There is obviously an extra force where two rivers meet. The Cynon River joins the Taff at Abercynon and it is no exception. It has a fascinating history that is not widely known. In the 1990s, a friend of mine told me that he was thinking of moving to Abercynon. I asked him why – it seemed a strange choice. Like so many towns in the Valleys, it has its fair share of closed shops, unemployment and general deprivation. My friend told me that Abercynon is a holy place. This came as a complete surprise.

My grandparents had had a little hardware and china shop in the town in the 1920s. It was where their children were born, including my own mother. Could he tell me its story? I wanted to know.

In the 1920s, the coal-mining industry was at its height and people had come to the town from different parts of Wales, from Ireland, Italy and Poland. The O’Shea family was such a family. One of the children, Gerald, aged just 3, went missing one day. His mother was not over-worried at first – children played outside for hours. When Gerald eventually returned, he was soaking wet. His mother asked him what had happened and he told her that he had fallen into the well. The well was very deep – about 6’ and she asked him how he’d managed to get out. ‘The Lady brought me out’ was his simple answer. Then he pointed to the medallion around his neck. The Lady he was referring to was the Virgin Mary. Gerald’s mother was worried and tried to get him to keep this to himself. But Gerald repeated the information and his mother went anxiously to see the priest.

The small child was interrogated by the priest and never changed any details of his story. Other priests from as far away as Ireland were consulted and Gerald was questioned again and again. He kept true to his experience. For such a young child, his life would have been much easier if had let the story go. But it had happened to him and he couldn’t deny it. When I heard this story, there was initially a natural reluctance to take the story literally. I was cautious. Then other things began to fit together like a jigsaw and I took the story to heart. Apart from Gerald’s experience, there was little for the immigrant miners to do during the Depression in the mid- twenties. They were determined and devout men and took up the task of building their own church, brick by brick. St. Thomas’ Roman Catholic Church is the fruit of their labours. They also worked on a pathway leading from the left of the church to a little shrine and, beyond it, to the well and the river. This was important as pilgrims had started to visit the place in search of cures for their ailments.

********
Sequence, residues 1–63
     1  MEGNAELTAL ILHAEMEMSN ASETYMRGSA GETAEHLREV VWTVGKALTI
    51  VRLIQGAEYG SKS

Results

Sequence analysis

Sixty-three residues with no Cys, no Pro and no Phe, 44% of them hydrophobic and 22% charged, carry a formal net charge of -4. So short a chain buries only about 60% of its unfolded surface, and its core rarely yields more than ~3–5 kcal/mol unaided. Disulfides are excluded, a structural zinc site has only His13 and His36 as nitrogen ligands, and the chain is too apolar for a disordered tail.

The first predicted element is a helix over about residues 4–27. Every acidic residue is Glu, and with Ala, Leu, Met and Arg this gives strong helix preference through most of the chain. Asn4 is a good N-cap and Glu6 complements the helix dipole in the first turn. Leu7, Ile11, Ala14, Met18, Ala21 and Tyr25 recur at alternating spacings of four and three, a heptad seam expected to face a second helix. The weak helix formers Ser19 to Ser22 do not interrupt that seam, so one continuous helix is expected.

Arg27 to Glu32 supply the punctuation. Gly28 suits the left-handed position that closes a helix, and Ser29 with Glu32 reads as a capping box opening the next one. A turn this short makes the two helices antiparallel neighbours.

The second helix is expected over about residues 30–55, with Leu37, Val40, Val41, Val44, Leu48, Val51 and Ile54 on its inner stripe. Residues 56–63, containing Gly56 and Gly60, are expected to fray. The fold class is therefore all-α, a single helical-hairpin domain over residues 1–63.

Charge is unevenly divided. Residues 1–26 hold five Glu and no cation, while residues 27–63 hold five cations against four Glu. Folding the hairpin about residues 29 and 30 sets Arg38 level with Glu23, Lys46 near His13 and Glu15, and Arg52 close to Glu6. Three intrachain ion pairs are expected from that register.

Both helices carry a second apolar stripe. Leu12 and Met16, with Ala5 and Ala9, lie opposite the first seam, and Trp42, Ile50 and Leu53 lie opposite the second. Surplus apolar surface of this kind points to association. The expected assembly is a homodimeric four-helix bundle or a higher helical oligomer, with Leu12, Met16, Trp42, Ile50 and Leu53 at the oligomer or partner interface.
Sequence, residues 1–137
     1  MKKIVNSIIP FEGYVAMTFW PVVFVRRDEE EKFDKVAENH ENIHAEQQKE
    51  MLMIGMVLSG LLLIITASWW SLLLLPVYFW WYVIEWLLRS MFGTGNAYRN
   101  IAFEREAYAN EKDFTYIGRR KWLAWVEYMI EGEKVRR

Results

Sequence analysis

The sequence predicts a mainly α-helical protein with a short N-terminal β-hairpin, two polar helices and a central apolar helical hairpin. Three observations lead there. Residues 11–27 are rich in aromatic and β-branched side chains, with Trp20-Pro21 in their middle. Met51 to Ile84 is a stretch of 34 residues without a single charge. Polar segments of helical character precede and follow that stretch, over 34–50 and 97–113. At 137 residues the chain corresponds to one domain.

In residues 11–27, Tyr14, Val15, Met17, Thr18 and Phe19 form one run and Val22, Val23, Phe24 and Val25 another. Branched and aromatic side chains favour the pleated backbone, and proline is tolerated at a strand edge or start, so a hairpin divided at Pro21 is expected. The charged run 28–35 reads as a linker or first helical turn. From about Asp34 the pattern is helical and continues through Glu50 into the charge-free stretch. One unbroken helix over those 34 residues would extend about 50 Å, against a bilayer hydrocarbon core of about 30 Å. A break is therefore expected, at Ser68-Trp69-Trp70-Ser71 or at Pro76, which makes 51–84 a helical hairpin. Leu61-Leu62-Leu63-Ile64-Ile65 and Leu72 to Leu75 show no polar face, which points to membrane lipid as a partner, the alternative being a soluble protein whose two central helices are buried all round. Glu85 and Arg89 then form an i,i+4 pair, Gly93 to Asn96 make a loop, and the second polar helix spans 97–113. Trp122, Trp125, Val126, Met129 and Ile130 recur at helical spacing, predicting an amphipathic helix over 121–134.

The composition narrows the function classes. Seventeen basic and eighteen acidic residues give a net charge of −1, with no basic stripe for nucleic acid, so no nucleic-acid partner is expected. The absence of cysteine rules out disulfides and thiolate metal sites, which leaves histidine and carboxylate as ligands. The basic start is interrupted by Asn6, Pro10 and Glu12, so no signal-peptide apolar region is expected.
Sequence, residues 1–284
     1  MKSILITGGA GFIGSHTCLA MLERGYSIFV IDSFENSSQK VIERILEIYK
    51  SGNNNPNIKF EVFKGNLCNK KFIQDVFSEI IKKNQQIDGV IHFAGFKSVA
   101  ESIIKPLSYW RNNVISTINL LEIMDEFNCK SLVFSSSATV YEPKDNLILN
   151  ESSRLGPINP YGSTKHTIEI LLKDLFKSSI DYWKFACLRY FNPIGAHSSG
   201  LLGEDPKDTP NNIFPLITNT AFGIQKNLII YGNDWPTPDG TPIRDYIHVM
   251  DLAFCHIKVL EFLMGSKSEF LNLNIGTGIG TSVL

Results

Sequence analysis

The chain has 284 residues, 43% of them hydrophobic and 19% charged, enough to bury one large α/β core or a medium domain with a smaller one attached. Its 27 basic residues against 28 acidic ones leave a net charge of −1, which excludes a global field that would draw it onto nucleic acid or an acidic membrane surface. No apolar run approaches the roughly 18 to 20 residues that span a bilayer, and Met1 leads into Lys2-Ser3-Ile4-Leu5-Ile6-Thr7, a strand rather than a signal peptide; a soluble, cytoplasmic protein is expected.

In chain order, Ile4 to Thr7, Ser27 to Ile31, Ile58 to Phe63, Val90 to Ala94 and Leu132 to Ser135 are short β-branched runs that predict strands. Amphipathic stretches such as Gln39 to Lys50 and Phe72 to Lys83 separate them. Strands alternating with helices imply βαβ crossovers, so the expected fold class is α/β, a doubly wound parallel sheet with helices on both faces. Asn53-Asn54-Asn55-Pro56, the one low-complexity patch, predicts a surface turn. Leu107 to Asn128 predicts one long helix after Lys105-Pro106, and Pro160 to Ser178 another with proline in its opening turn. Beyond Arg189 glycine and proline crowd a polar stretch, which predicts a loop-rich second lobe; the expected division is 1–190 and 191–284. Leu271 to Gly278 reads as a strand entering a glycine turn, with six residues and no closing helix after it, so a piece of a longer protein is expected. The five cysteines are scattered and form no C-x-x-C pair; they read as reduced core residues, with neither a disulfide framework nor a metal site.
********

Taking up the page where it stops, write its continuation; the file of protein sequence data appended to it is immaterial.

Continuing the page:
There were several accounts in the Western Mail and the South Wales Echo of the time which reported on the coachloads of pilgrims who visited the shrine and the river. Some of them were healed. To my amazement, I recalled a story that my mother had told me. I’m afraid that I had not really taken it on board. Apparently, when they were living in Abercynon, my mother was unable to walk properly. Her father must have heard about Gerald’s experience and the claim that the water in the river had ‘healing properties.’ He was a devout Welsh Baptist at a time when there was great suspicion between denominations. Nevertheless, he took my mother down to the river and bathed her in its waters. He did this several times and as a result, she was able to walk properly.

My mother could never recall this event without becoming very emotional. Peter and I took her back there a few years before she died. She was overwhelmed. So it had really happened and the timescale fitted into the events about which I had just been told. I went to Abercynon on the train to visit and the shrine was indeed still there. But it was neglected and the access to the river was dangerous. It was so dangerous that the gate leading down to it was locked with a warning notice to anyone who wanted to go further down. I thought that this was a great pity and wondered what could be done about it.

At the time, there was something called the Sacred Lands Project. Its aim was to do exactly this – to restore ancient shrines. I contacted them and two members came down from Birmingham to see it. Amongst the ladies who provided them with a very generous tea, including a pile of Welsh cakes, was Teresa (Gerald’s sister), Tessa and a lovely lady called Margaret Phillips. I hoped that the Project would provide some financial help but something different – and more wonderful, happened. The local parishioners were inspired to renovate it themselves. I went over a couple of times at first with Robert (the friend who had told me the story), Teresa, Tessa and Margaret and we tried to tidy up the little garden around the shrine.

From then on, local parishioners have worked hard for years to recreate the shrine above the river to its former glory. By 2011, the garden had been planted with bulbs and shrubs and was kept in good condition; the statues and the railings had been cleaned and repainted. The slippery pathway had been powerwashed to make it safe again, the invasive Japanese knotweed had been cleared from the banks; the crumbling Stations of the Cross had been removed and replaced with new ones.

There was even a bench so that visitors can rest, ponder, and listen to the surging sound of the river below. It’s impossible to visit the shrine without hearing its lively flow. It is very much part of the entire experience. In St. Thomas’ church, there are post-cards of the shrine on sale. The profit goes into the maintenance of the shrine. What happened to Gerald? After many years of being questioned and sometimes humiliated, he left Abercynon. But when he died and no-one could disbelieve him anymore, he was brought back to Abercynon.

A couple of years ago, the shrine was vandalised but the determined parishioners installed CCTV – so often an ugly necessity in today’s world. Visit it if you want to find peace – and maybe more. 

– Diana Morgan